The Antarctic

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    "Lt. Nobu Shirase (1861-1946) led Japan's first venture to the South in 1910-12. (His first name is given variously as Choku and Naoshi.) In the Kainan Maru the expedition reached the Ross Sea in early March of 1911. Not being able to land they returned to Australia. The expedition was back in the Ross Sea the following January and later landed at the Bay of Whales where they encountered some of Amundsen's party. Using dogs Shirase reached 80 deg 05 min S on January 28, 1912. The Shirase Coast and Glacier were named for him as was a Japanese icebreaker."

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May 15, 2003

     The stamp was issued in 1960 to commemorate the fiftieth anniversary of the first Japanese Antarctic expedition

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     Great Britain established the Ross Sea Dependency in 1923. Shortly afterwards jurisdiction was given to New Zealand. In 1957 New Zealand issued a set of stamps for the Ross Dependency including this one with a map of the New Zealand claim.

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     Queen Maud Land is south of Africa between Coats Land on the west and Enderby Land on the east. It was discovered by a Norwegian expedition in 1930, and named for the Queen of Norway. It became a Norwegian dependency in 1949. It is mostly a barren plateau covered by a cap of ice a mile and a half thick. 12,000 foot mountain peaks rise above the ice sheet. Several countries operate research stations there. The stamp was issued to commemorate the International Geophysical Year.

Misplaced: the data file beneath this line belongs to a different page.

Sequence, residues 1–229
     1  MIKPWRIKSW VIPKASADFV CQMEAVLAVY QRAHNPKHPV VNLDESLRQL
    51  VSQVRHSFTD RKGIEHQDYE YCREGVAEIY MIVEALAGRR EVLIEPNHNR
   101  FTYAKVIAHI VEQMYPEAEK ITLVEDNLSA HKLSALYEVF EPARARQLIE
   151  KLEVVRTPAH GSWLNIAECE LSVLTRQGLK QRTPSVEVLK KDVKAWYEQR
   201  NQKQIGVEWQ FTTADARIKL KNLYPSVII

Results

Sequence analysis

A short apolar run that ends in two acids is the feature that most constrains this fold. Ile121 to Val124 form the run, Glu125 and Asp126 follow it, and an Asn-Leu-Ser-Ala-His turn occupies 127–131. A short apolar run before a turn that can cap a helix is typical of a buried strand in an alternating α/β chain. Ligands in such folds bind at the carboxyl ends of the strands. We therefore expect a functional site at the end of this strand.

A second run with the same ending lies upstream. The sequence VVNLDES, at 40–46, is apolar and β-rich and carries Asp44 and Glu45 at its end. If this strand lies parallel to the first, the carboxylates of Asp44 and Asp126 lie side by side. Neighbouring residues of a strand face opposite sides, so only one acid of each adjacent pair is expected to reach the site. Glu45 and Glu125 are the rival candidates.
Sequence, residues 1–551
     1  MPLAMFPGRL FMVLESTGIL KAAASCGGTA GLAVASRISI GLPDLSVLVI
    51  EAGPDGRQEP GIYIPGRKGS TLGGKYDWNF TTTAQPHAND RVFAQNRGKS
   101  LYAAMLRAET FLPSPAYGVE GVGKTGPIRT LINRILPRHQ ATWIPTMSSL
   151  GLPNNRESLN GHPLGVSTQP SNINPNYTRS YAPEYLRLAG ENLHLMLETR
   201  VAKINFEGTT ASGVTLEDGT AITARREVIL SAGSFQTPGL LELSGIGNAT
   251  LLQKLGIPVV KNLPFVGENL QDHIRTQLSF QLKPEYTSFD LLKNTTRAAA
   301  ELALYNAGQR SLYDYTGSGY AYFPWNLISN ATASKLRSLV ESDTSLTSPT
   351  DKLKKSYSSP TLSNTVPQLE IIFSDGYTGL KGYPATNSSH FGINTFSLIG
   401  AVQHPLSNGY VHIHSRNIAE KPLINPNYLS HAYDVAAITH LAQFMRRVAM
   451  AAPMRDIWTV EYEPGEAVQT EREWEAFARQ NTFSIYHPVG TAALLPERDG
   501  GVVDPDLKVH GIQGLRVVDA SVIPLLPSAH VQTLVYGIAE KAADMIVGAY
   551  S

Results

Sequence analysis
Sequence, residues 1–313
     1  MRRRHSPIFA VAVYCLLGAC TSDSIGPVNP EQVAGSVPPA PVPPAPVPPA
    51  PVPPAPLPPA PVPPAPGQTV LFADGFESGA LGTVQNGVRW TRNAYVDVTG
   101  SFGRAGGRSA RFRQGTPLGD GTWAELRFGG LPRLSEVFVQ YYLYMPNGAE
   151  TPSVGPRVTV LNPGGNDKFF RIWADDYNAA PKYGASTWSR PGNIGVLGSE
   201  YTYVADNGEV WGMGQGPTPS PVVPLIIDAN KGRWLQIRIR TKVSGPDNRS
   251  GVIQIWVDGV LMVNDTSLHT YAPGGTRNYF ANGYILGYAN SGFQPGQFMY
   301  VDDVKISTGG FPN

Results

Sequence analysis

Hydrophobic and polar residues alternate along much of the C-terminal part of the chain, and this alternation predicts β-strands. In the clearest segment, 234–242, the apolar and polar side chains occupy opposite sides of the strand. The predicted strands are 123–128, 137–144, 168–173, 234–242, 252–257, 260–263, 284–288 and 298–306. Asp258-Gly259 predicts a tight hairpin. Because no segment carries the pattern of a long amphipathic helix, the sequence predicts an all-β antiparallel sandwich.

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     In 1940 Chile formally claimed a part of the Antarctic continent by Decree Law 740, which states: The Chilean Antarctica, or Chilean Antarctic Territory, comprises all the islands, islets, reefs, glaciers and others, known or to be discovered, on the respective territorial sea lying within the cap limits of Greenwich meridians 53W and 90W. The stamps were issued in 1947 to publicize its claim. In 1959 Chile signed the Antarctic Treaty which does not recognize the territorial claims of any nation, though it continues to maintain its claim of sovereign rights to the territory.

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     Argentina also claims a portion of this area, the territory between 25W and 74W.

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     The Antarctic Treaty was signed by twelve nations in 1961. Many of the countries that signed the treaty have issued stamps commemorating that event and calling attention to their presence on the Antarctic continent.

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